Another year has come and gone all too quickly, culminating in a grand family reunion. I suppose becoming older has its newness of anticipation. Looking forward to the remnants of what used to be and what we continually miss, realizing if we are lucky that life does not have to change after loss. Being blessed with a large family of brothers and sisters had its harsh times. Times like growing up poor on that old country farm, with a long dirt road that led us back to one another in later years, finding comfort in stories, images and touches that are only known to one another and knowing feelings that are only felt and understood by those I see. I am reminded today of moments that linger from my yesteryear’s. I see the familiar smiles among my siblings. I see new signs appearing of years gone by around their eyes, cheeks and the corners of their mouths, revealing characteristics of my mom and dad. With this, enabling them to be with us still. I hear the ever-familiar sounds of their voices that does not change. I see familiar reminders in the next generation who have acquired subtle, distinguishing changes from us, yet retain the closeness felt by a unified structure of supported systems that does not struggle for the altruistic culture we have been born in to. It is at this time that those hard times remembered make life so much easier today by gathering with those who know the presence of realness that kept us reality based as children. There has been a hardy weekend of togetherness, courted with those obnoxious sounds and jokes of brothers and sisters that I thought had been lost somewhere between then and now, easily found and remembered. On the last day of the reunion, we all gather for breakfast. I look around and see a royal legacy left behind by those before us. The day progresses, and it is time for our reunion auction, a much-looked forward time for all. All that is brought is sold. There is nothing taken back or left over. Everyone attending either makes or finds something worthy of putting into the auction for sale to help with expenses for next year. My prize to find this year will be a treasure for me for the rest of my life. My youngest sister has had the skeleton of my mother’s Singer sewing machine for years. Her husband took the old dirt road up to the farm house, yes, the one you see above and extracted several old ship-lap boards from between the rooms. My sister left the bones of the old sewing machine as it was, and my brother-n-law took the old, dry, boards and cut them into what would be a table top. The varnish used brought the boards back to life and as I see this table sitting in the corner of my living room I can hear it’s whispers of those days that were not lost, just hidden, echoing childhood once again and giving up its history, knowing each of us has touched the past. To some this old table will mean nothing, but for me, it encapsulates a time that was distant, removed from me only because time allows forgetting. As I glide my hand across the glossy surface, visions appear of many of those who entered my life when they entered our home. Memories of fleeting faces that have turned from decades ago to eras of my own life.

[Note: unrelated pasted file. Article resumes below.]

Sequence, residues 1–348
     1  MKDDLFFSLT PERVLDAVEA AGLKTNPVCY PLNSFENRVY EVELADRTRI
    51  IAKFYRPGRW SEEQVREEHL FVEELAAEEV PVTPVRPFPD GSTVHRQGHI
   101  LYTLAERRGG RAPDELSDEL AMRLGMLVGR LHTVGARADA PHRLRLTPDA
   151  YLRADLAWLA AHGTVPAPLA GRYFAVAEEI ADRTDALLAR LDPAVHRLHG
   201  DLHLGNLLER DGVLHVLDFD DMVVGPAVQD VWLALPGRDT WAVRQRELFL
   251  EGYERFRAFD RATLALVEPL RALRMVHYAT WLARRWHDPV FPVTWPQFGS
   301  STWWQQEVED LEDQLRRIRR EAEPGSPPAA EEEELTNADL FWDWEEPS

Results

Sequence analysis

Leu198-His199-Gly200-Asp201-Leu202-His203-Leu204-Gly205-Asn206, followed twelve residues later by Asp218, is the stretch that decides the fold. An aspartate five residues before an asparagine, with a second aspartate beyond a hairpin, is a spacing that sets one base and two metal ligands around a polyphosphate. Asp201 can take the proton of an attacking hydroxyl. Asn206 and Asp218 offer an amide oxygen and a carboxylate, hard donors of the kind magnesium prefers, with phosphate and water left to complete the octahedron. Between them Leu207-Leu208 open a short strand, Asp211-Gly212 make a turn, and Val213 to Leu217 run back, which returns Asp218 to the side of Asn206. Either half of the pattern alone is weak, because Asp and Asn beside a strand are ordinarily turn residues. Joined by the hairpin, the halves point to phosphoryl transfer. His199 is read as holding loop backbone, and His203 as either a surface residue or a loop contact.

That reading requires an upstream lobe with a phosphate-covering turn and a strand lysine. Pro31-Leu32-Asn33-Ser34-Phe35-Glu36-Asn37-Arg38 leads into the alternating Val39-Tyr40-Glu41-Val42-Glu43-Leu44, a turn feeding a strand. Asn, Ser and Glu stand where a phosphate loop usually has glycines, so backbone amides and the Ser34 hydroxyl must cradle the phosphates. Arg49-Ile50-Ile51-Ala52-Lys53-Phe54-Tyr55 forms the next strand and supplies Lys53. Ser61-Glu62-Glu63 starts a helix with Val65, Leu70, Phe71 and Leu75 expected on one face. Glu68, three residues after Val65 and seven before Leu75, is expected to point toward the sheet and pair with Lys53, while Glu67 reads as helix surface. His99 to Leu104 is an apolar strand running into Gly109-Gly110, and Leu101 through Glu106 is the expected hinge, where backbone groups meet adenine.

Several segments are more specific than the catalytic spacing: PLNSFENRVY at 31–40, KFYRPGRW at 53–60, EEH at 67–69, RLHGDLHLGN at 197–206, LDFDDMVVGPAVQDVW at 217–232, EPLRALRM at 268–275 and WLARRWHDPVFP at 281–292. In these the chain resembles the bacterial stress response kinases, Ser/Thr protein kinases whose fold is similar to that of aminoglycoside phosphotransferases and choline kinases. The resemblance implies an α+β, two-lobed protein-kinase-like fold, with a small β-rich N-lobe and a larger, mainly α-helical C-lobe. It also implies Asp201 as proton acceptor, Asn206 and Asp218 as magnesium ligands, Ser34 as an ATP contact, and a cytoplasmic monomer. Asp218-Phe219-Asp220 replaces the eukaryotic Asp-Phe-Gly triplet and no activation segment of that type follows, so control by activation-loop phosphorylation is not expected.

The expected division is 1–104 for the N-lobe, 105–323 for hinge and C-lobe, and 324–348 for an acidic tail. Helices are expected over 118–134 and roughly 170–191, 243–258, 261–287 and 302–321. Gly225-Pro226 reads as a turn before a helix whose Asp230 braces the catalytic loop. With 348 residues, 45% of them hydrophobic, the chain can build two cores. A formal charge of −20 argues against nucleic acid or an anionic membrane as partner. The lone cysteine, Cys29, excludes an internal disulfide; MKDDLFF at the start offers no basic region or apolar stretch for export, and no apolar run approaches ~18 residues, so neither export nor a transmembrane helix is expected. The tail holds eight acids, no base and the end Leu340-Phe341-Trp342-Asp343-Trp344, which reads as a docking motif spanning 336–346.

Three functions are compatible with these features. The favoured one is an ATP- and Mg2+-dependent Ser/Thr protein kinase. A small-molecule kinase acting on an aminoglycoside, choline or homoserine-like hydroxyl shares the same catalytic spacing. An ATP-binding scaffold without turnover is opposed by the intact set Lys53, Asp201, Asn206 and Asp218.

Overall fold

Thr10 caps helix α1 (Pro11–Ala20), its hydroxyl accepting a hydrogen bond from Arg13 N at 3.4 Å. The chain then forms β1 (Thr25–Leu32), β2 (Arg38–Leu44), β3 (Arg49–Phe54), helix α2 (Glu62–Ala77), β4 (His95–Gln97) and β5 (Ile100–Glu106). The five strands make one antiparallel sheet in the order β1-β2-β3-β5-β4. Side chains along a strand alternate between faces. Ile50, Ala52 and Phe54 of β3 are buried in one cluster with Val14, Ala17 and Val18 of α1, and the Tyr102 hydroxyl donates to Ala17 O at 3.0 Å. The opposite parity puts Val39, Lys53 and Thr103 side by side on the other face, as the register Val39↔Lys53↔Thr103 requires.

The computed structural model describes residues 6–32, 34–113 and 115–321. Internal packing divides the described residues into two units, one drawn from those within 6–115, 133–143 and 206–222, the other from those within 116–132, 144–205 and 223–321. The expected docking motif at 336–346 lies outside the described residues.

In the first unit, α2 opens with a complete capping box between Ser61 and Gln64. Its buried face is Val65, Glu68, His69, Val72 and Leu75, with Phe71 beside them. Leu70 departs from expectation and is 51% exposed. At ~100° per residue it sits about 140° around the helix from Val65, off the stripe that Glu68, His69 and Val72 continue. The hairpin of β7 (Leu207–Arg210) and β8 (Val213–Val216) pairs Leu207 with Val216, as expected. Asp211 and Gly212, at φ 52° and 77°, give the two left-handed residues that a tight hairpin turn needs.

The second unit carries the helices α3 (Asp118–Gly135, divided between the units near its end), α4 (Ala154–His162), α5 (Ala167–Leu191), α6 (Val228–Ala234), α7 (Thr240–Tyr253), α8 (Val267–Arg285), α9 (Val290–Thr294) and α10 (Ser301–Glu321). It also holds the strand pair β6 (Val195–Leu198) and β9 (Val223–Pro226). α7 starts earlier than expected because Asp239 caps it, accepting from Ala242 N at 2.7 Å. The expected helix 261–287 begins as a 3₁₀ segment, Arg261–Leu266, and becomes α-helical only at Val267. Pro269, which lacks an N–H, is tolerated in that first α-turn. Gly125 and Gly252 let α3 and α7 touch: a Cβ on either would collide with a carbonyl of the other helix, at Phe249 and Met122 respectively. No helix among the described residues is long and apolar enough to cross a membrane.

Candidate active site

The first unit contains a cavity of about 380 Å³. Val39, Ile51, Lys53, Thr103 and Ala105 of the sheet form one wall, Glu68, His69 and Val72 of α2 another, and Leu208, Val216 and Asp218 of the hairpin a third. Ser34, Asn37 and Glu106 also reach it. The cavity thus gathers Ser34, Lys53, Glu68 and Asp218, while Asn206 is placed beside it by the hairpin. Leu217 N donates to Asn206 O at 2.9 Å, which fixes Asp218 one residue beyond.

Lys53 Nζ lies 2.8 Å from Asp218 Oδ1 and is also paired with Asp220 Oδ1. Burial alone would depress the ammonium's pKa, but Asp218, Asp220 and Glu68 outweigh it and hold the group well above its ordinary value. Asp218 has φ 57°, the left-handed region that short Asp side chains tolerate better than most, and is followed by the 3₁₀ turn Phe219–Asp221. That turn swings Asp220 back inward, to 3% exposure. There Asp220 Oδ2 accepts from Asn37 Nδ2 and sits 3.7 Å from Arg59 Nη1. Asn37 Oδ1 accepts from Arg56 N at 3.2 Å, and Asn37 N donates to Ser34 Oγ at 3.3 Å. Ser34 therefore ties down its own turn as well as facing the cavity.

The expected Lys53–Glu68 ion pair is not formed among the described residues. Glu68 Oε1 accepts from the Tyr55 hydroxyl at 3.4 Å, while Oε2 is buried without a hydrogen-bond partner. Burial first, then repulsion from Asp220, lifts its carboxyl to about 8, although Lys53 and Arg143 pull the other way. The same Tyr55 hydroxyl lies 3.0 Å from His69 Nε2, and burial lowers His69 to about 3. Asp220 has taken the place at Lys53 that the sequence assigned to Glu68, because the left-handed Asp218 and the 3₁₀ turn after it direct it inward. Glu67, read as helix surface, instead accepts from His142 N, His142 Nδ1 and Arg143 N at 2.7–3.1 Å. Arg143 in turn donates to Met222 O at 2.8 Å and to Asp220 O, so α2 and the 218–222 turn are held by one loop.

Copyright @coffeewithcharles.blog (Charles D. Grant)